A “low” or even “tiny” risk, but not zero: a Chinese rocket must make its uncontrolled return to the Earth's atmosphere this weekend, China and many experts, however, deeming the hypothesis of damage on Earth to be minimal.
The Asian country placed the first module of its space station in orbit on April 29, thanks to a Long-March 5B carrier rocket, the most powerful and imposing Chinese launcher.
It is the first stage of this rocket, currently in orbit, which must return to Earth.
It is gradually losing altitude and its point of fall is currently unknown.
China is very discreet on this issue and has not published any forecast on an hourly potential for the launcher to return to Earth's atmosphere, where it should totally or partially disintegrate.
For the Russian space agency Roscosmos, the entry could be made at 1:30 in the night of Saturday to Sunday (French time) at the level of the south of Indonesia.
The US Department of Defense is counting on 1 a.m., with a margin of error of nine hours on either side of this estimate.
The window should gradually thin out over the hours.
China ended up reacting to try to reassure
After a long embarrassed silence from the Chinese space and diplomatic authorities, Beijing finally reacted on Friday.
"The majority of components (of the rocket) will be burned and destroyed when re-entering the atmosphere," said Wang Wenbin, a spokesman for the Chinese Ministry of Foreign Affairs.
"The probability of causing damage to air activities or (to people, buildings and activities) on the ground is extremely low," he said.
The Chinese media provided minimal coverage of the event on Saturday, contenting themselves with repeating the remarks made the day before by the spokesperson for diplomacy.
If parts of the rocket remain intact after re-entering the atmosphere, there is a good chance that they will be damaged at sea because the planet is 70% water.
"We hope they land in a place where they do not harm anyone," said Friday Mike Howard, a spokesman for the US Department of Defense, stressing that the United States was following the rocket.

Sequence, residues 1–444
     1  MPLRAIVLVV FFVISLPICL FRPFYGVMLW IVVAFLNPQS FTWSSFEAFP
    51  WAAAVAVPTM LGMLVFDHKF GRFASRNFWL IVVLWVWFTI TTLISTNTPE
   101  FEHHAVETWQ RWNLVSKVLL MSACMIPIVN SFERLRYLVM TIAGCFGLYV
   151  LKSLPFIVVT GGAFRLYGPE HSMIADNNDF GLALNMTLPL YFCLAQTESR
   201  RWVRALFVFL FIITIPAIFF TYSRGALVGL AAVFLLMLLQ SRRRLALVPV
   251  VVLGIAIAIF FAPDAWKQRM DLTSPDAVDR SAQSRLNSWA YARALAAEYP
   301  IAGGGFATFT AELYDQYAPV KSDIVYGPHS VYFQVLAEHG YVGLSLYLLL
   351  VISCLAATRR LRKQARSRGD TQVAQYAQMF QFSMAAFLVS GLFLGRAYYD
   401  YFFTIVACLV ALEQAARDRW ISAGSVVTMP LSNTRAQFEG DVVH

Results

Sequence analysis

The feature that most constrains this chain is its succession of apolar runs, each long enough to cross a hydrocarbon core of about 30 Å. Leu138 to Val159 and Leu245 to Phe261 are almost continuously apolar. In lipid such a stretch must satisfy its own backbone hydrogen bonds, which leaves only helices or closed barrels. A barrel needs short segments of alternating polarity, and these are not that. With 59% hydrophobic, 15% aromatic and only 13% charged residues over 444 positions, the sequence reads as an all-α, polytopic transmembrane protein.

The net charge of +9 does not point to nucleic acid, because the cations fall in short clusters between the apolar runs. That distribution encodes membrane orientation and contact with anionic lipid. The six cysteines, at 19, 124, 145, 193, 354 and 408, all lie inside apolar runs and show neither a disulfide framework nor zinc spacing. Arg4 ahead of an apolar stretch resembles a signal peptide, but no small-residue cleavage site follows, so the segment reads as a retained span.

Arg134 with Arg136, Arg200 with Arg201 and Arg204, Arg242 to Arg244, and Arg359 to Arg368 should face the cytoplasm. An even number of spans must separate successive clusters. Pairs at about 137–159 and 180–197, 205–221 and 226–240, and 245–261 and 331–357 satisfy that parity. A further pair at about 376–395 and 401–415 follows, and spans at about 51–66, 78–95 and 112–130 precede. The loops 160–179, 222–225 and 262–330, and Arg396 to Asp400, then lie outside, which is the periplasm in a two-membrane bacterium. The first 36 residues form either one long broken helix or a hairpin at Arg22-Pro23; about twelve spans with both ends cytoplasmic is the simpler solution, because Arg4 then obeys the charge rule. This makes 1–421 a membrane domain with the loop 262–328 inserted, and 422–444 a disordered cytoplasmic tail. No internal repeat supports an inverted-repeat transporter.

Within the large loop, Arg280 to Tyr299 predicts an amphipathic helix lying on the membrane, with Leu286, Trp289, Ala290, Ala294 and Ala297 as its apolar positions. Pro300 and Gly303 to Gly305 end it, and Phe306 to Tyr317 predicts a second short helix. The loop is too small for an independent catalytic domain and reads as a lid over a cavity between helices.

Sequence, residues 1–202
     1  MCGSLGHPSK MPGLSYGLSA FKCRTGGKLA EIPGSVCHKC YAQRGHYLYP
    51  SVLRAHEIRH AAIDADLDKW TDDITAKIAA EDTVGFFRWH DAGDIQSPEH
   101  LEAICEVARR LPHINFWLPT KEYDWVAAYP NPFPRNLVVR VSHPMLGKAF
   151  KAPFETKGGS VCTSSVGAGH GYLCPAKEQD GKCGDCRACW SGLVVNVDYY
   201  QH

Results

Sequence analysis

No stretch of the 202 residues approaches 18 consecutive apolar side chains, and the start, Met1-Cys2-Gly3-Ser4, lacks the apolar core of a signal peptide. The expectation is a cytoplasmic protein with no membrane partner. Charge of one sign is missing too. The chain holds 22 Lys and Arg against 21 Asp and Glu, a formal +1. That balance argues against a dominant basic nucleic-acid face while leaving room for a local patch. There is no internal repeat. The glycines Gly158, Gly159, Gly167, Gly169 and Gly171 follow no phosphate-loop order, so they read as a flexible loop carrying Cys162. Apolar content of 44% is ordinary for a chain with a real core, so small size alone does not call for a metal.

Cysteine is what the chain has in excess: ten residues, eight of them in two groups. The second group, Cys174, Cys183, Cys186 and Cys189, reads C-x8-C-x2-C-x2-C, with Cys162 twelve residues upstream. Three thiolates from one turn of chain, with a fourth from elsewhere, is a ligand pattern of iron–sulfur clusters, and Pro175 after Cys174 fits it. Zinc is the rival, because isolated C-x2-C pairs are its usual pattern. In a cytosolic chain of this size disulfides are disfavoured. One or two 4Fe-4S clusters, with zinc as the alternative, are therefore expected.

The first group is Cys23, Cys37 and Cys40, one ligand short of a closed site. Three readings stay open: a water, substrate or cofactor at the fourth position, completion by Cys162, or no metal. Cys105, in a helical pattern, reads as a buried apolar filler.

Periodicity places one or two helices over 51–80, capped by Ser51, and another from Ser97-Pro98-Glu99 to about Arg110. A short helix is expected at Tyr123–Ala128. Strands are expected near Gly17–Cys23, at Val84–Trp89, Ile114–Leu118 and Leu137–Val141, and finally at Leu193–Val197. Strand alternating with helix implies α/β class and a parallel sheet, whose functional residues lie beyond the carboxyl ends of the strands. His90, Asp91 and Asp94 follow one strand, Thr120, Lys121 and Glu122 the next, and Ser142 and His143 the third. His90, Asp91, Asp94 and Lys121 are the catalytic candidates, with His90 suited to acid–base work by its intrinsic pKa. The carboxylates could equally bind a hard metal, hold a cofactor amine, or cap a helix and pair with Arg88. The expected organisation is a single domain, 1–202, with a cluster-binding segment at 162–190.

US Defense Minister Lloyd Austin assured this week that his country had no intention of destroying the rocket.
He hinted, however, that its launch was not planned with enough care by China.
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The risk of heavy launcher debris hitting a populated area exists, but is unlikely.
"Given the size of the object, there are necessarily large pieces that will remain," anticipates Florent Delefie, astronomer at the Paris-PSL Observatory.
But the probability of an impact on an inhabited area is "tiny, less than one in a million, undoubtedly", reassures Nicolas Bobrinsky, head of the Engineering and Innovation department at the European Space Agency (ESA).
In 2020, debris from another Longue-Marche rocket crashed into villages in Côte d'Ivoire, causing damage, but no injuries.
In April 2018, China's Tiangong-1 space laboratory disintegrated when it entered the atmosphere, two years after it ceased to function.
A Chinese robot on Mars in the coming weeks
China has been investing billions of euros in its space program for several decades.
The Asian country sent its first astronaut into space in 2003. In early 2019, he landed a machine on the far side of the Moon - a world first.
Last year, he brought back samples of the Moon and finalized Beidou, his satellite navigation system (competitor of the American GPS).
China plans to land a robot on Mars in the coming weeks.
She also announced that she wanted to build a lunar base with Russia.